In their inquiry into the Veolia Suez merge, the CMA concluded that the acquisition of Suez by Veolia 'will remove an important competitor from several markets, and that this could result in higher prices to customers (eg. via worse bid terms or higher gate fees) and/or a poorer quality of service'.
The following were considered by the CMA to be at risk from lessened competition through the Veolia and Suez merger:
- collection of non-hazardous waste for municipal customers
- operation and maintenance services for sorting of waste for municipal customers
- operation and maintenance of Energy Recovery facilities (ie incineration) for municipal customers
- supply of incineration services for customers in 2 local areas
- collection of non-hazardous waste for commercial and industrial customers
- operation and maintenance services for water and wastewater treatment facilities to industrial customers
- provision of mobile water services to industrial customers
Stuart McIntosh, Chair of the CMA inquiry group, said: "We all use waste and recycling services in some way, so it’s vital that these markets are competitive and provide good value for money. This is all the more important at a time when local authority budgets are already stretched and waste management services have to evolve to help achieve Net Zero targets."
In response to the announcement of the inquiry's conclusions, Veolia has made the 'drastic decision' to sell all of Suez UK's services and treatments in response to the 'intransigence' of the CMA whilst saying that they 'strongly disagree with their analysis of the concerned markets and deplores the lack of shared understanding of the issues related to our sectors of activity.'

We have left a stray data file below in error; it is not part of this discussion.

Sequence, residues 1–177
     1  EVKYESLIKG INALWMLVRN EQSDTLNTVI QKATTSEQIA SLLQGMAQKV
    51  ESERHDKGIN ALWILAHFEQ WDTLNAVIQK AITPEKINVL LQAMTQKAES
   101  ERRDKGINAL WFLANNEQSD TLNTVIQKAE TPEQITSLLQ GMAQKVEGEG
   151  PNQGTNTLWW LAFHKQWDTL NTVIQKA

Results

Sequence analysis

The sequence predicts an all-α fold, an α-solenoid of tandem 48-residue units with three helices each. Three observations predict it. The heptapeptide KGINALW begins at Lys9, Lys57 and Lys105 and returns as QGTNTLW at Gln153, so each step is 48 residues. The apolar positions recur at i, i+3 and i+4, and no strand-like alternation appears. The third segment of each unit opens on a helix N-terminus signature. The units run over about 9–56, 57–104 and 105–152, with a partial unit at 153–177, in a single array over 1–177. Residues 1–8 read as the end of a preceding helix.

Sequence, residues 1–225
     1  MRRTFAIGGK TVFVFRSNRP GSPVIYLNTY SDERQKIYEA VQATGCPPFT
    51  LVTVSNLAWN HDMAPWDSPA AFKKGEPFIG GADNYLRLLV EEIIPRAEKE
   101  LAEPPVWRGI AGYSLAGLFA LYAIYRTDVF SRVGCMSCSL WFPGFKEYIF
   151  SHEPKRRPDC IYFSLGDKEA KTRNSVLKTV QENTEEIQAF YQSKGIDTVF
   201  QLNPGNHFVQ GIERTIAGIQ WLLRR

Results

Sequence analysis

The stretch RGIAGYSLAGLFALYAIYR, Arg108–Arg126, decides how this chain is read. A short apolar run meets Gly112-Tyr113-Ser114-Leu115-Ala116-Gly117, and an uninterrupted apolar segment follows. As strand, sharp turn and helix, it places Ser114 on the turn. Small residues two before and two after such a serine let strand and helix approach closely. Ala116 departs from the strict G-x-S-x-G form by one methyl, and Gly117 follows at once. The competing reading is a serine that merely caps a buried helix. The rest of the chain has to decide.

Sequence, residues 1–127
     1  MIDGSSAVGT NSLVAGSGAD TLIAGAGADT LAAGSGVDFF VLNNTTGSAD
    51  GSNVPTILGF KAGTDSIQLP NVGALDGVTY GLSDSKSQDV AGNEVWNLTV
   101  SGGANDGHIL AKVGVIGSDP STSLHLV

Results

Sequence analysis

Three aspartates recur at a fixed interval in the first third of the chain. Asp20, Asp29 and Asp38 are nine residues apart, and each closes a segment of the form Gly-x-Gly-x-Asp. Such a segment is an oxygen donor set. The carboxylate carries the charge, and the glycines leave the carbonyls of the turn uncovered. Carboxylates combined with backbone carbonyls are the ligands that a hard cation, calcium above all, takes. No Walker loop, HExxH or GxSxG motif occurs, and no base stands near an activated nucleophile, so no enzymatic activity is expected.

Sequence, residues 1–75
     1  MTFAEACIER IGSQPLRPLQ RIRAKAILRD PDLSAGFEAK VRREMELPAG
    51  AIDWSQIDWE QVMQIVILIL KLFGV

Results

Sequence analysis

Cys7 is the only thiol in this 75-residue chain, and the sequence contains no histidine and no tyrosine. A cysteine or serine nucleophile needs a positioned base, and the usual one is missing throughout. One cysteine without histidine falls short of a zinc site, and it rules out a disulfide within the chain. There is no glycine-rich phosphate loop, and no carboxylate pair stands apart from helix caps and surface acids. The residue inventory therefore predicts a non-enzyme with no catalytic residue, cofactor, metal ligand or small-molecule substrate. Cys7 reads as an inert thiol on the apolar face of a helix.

In a statement, Veolia said that they "regret that the CMA's analysis will not allow the Group to deploy the full potential of the ecological transformation in the United Kingdom, but it does not reduce our commitment to this region. It does not affect the overall scope of Veolia's project, whose capacity to create value remains intact."
With the acquisition of Suez, Veolia planned to 'be global champion of ecological transformation by bringing together Veolia and most of Suez's international activities' with over 40,000 employees merging.
However, Veolia announced that: “In order to terminate this long period of waiting, but above all to be able to fully focus on the creation of the world champion…Veolia has informed the CMA on Monday (13 June) of its intention to sell all of Suez’s waste activities in the country”.
An anonymous large and well-established waste management company in the UK, Company X, has already notified the CMA that they believe they would be suitable for buying Suez from Veolia on the basis of the CMA's assessment criteria.
Read more about the CMA's inquiry here.